Reclaiming the future requires a deep contextual and complex effort combining intellectual and creative energies focussed on the active/present connectedness of things, or otherwise, “staying with the trouble” as Donna Haraway puts it. This presentation, which will be in the form of a post to the future, explores the question: What is a decolonial, queer, eco-cultural approach to the possibilities of alternative, eco-humanising futures other than those that dominate our troubled and dangerous world? What is the measure of coherence needed to get beyond the ongoing nature of our current complicit futures? Through a lyrical, second person perspective, the post will speak to the imperative of “staying with the trouble”, of grappling, stirring and dealing with what makes us complicit to living without participating in connectedness, of ignoring the everyday encounter with otherness (human and non-human) in all of its rich forms. It will be argued that in reclaiming the future there is no such thing as an innocent bystander. You sense there is urgency in all this. As Greta Thunberg says: “Our house is burning”.

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Can we agree to disagree? Unreclaimable Futures
Keynote Presentation: Sue Ballyn

“From a certain point onward, there is no longer any turning back.”
― Franz Kafka

Much as I would like to believe that there is a future or futures that are reclaimable; that social and political balance, compassion, love, peace, together with a long list of other hopes, will be restored and a better world/planet emerge, I sincerely believe that we are reaching Kafka´s path of no “turning back”. We are at that “certain point onward”, the Anthropocene, which is affecting not just the planet but every aspect of human life and from which there seems to be no return. A long and painful downhill ride lies ahead of us. When climate and social change manifest their destructive power, will the wealthiest and most powerful individuals and countries be able to break the ancestral chain of their oppression of the other?

As educators in the humanities, are we able to swing any change in our current systems and the prospect ahead of us? The Call for Papers for this conference has a utopian tone to it, offering hope in humanity’s ability to regenerate into the positive. I do not believe we can do much in the current avalanche to the extreme right/left wing, to the rise in racism, homophobia, entrenched fear of the other and the list goes on. If, in a class of fifty of whatever political and social standing, I could swing two students into a conscious awareness and proactive mindset regarding what is happening to the world and the future, I would call it a sign of hope.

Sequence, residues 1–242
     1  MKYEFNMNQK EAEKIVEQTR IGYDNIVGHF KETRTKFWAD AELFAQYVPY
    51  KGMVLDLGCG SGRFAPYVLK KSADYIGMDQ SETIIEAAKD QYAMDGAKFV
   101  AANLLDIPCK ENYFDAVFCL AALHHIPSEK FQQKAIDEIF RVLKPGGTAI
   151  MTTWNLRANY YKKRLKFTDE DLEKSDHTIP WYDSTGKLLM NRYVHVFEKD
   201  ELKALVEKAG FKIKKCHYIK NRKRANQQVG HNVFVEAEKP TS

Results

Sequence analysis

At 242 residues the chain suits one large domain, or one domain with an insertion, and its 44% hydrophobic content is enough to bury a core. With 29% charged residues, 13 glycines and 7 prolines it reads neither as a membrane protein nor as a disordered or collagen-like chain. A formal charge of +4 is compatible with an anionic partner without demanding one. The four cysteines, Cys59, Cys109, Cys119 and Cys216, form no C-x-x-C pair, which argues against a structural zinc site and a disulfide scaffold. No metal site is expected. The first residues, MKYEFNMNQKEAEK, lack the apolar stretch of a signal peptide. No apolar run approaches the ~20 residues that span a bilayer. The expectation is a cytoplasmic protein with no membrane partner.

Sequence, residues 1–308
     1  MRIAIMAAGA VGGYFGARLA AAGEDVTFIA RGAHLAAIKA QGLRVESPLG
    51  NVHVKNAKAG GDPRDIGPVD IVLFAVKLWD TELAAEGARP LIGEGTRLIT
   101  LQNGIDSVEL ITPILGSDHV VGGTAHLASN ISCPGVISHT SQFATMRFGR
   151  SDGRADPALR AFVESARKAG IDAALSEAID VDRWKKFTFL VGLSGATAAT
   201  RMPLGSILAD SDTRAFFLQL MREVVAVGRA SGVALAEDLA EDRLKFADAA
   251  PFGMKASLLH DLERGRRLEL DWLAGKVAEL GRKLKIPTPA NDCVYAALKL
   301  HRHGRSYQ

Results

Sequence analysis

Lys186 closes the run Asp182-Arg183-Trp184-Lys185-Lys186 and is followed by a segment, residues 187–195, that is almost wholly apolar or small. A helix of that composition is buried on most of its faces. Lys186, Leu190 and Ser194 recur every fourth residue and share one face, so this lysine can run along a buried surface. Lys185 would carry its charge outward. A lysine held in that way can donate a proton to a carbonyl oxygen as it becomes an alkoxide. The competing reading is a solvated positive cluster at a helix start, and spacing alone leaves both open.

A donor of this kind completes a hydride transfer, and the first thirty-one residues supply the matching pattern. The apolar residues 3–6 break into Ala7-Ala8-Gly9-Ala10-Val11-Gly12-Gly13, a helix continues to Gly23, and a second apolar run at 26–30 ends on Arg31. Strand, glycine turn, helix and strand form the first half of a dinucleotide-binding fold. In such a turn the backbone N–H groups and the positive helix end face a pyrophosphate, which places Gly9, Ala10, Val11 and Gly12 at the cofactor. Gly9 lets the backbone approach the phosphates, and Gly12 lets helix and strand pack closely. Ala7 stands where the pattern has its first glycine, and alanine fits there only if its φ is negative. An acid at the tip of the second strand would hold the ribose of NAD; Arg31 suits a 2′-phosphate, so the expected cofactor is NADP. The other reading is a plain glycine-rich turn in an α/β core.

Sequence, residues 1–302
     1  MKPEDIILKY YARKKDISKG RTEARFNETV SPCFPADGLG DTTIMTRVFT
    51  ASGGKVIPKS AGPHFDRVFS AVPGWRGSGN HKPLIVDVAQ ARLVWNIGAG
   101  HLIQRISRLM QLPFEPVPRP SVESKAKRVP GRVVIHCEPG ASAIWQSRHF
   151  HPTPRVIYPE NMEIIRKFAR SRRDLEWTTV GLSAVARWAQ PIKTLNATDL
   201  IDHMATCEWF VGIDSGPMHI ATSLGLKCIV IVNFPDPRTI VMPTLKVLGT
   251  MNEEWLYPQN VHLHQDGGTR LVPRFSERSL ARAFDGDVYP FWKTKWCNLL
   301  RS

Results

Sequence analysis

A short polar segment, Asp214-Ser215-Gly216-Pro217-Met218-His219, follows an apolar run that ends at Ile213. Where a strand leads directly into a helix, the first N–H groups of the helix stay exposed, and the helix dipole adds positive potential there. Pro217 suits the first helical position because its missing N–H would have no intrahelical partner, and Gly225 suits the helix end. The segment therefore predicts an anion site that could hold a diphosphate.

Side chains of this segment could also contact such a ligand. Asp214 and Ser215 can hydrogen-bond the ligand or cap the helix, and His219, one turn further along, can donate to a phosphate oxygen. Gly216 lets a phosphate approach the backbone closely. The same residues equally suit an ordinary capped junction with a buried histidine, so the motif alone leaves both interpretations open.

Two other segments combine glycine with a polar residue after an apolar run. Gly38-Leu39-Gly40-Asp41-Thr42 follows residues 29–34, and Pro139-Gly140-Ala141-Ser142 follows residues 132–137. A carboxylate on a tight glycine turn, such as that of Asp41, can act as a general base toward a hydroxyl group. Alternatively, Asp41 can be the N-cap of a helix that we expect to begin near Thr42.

History repeats itself, so is it feasible for us to believe that we and future generations will be able to avoid the mistakes made in the past and the mistakes we are making now? As history rewrites itself, each period provides its own new horrors. “…isms” are proliferating at an ever increasing speed but there are two disturbing “..isms” that were not nearly so prevalent in the past as they have become in very recent decades; I-ism and ageism. The former, describes a society where the self, ego, the “I” stand at the centre of individual perception of the world. The latter ageism, although not a recent phenomenon, has gained footage and visibility over the last few decades.

In this paper, I want to draw attention to the insidiousness of ageism on the one hand and the irretrievable future that confronts the over 65s and groups within the euphemistically named “golden generations”. Society today, for the bulk of the elderly and ageing is indeed bleak and they will be one of the first to suffer in the anthropogenic breakdown of our societies.

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IAFOR Documentary Photography Award & Interview
IAFOR Documentary Photography Award Screening & Interview: Ezra Acayan, Donald E. Hall

Ezra Acayan, Documentary Photographer, Philippines
Donald E. Hall, University of Rochester, United States

The IAFOR Documentary Photography Award was launched by The International Academic Forum (IAFOR) in 2015 as an international photography award that seeks to promote and assist in the professional development of emerging documentary photographers and photojournalists.

As an organisation, IAFOR’s mission is to promote international exchange, facilitate intercultural awareness, encourage interdisciplinary discussion, and generate and share new knowledge. In keeping with this mission, in appreciation of the great value of photography as a medium that can be shared across borders of language, culture and nation, and to influence and inform our academic work and programmes, the IAFOR Documentary Photography Award was launched as a competition that would help underline the importance of the organisation’s aims, and would promote and recognise best practice and excellence.

Now in its fifth year, the award has already been widely recognised by those in the industry and has been supported by World Press Photo, British Journal of Photography, Metro Imaging, MediaStorm, Think Tank Photo, University of the Arts London, RMIT University, The Centre for Documentary Practice, and the Medill School of Journalism.

This session will include a screening of the most recent (2018) award winners selection, and will be followed by a discussion on the importance and relevance of documentary photography and photojournalism with the 2018 Grand Prize Winner, Ezra Acayan, an internationally published, award-winning photojournalist from the Philippines; and Professor Donald E. Hall, Dean of the Faculty of Arts, Sciences, and Engineering at the University of Rochester, USA.